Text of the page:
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When referring to a piece in Chinese chess (Xiangqi), 車 should be pronounced as jū or ㄐㄩ, instead of chē (ㄔㄜ). It is understandable that not every native speaker knows this pronunciation. However, I was surprised to hear professional Xiangqi players call the piece the wrong way. After all, if Xiangqi is their profession, how come that they do not even know how to pronounce the piece correctly?

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  • Colloquially, some pronounce 车 as chē though they know the correct pronunciation is jū. This phenomenon occurs on other characters too. E.g. 钴 is gǔ according to dictionaries, but it's often pronounced as gū, even on TV.
    – dan
    Oct 8 at 0:28
  • See chinese.stackexchange.com/questions/22333/… maybe those pro players are the younger generation that only learned only one pinyin for 车 /chē/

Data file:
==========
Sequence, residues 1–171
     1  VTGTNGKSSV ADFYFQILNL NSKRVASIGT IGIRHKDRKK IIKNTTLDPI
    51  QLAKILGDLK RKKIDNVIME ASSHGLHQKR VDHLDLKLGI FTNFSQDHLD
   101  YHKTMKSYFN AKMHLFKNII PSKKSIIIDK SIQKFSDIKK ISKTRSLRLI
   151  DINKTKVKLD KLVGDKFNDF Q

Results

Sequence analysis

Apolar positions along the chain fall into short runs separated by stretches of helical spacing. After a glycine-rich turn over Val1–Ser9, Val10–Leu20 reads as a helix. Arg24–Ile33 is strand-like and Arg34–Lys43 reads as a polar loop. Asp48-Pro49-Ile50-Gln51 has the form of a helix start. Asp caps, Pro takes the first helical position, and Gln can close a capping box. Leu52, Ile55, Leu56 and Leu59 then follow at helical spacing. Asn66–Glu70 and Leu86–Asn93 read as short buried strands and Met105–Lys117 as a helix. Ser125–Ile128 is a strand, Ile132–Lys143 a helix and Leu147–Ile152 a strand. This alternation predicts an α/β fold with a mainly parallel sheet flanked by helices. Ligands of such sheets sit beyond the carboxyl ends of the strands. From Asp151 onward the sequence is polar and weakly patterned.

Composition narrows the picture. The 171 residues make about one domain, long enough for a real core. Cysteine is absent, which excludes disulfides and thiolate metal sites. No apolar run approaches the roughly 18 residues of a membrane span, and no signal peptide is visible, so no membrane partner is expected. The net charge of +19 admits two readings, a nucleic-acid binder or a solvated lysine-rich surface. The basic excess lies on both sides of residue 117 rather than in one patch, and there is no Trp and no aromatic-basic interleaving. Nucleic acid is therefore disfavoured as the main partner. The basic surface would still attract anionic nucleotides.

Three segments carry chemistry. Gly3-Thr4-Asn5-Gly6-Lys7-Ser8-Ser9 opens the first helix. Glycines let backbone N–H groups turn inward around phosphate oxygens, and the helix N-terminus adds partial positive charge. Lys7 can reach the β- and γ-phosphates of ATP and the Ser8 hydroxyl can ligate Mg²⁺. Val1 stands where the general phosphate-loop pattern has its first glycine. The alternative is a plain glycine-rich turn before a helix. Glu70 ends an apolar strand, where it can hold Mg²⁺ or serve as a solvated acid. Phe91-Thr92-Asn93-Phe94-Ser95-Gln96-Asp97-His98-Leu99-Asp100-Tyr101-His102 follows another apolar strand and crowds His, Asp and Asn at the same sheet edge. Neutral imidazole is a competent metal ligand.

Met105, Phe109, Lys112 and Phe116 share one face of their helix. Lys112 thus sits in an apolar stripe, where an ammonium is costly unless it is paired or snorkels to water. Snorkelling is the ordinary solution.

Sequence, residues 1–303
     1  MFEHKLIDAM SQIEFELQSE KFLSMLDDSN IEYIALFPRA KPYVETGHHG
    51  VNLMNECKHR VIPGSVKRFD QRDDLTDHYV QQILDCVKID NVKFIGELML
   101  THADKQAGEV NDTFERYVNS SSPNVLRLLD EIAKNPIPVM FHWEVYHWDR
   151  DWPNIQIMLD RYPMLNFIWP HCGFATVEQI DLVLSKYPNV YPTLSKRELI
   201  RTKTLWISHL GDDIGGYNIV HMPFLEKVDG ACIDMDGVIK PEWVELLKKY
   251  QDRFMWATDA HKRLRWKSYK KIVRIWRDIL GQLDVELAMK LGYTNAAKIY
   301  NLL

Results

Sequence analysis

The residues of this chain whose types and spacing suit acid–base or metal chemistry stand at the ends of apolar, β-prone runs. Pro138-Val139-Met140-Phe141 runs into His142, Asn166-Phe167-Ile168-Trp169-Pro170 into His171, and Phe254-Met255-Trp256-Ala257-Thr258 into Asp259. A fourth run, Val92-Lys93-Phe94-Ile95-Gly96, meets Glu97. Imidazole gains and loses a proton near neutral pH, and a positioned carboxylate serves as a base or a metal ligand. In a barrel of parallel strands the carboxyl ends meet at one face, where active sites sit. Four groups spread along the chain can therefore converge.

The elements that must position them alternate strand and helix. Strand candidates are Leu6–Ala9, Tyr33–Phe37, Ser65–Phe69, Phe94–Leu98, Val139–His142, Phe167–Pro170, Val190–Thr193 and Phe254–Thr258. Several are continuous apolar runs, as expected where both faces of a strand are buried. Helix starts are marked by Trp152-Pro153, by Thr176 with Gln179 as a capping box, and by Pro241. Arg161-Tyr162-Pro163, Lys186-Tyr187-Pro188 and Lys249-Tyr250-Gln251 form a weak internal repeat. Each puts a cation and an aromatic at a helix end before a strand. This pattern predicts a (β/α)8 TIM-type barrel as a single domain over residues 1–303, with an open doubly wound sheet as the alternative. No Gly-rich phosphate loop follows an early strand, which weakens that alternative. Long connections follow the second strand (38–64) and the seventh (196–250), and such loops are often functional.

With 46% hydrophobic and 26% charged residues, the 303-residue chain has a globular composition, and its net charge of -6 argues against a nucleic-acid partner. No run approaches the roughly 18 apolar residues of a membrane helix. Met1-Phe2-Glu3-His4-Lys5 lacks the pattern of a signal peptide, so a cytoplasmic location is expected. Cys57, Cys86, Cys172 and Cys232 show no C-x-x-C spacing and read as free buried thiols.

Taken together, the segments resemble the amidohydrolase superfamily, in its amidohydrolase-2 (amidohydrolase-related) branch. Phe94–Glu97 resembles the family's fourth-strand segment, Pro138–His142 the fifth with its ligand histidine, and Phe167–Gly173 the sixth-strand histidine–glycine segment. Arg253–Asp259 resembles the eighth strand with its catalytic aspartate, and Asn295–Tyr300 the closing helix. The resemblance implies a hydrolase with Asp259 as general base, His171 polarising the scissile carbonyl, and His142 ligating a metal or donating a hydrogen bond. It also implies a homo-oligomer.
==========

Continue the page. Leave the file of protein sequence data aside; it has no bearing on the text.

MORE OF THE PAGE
– Tang Ho
    Oct 8 at 4:03
  • Why should they? Is it a requirement? Is there any time penalty if they don't? Is even the very knowledge of Chinese language required? Anyway, dictionaries and Xiangqi boards have something in common: contrasting colors. Some people evidently chose the board.😁 Oct 8 at 10:37
  • This may be one of the products from the Simplification - eliminate 破音字.
    – r13
    Oct 8 at 15:21
  • Many professional Xianqi player can't pronounce "車" correctly? I don't think so, it's a false proposition, in China, even a junior high school student knowns to correctly pronounce "車" in Xianqi.
    – ibamboo
    Oct 18 at 11:01
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Because in 廣韻 (a Chinese rime dictionary from 1000 years ago), 車 has two different pronunciations, 1: kio and 2: chja. As time goes by, 1 becomes ju and 2 becomes che. In ancient Chinese, 1(ju) refers to combat vehicles, 2(che) indicates the means of transport for carrying heavy objects. Although these two different meanings are now included in 2, but the ancient pronunciation is still retained in the Xiangqi pieces 車

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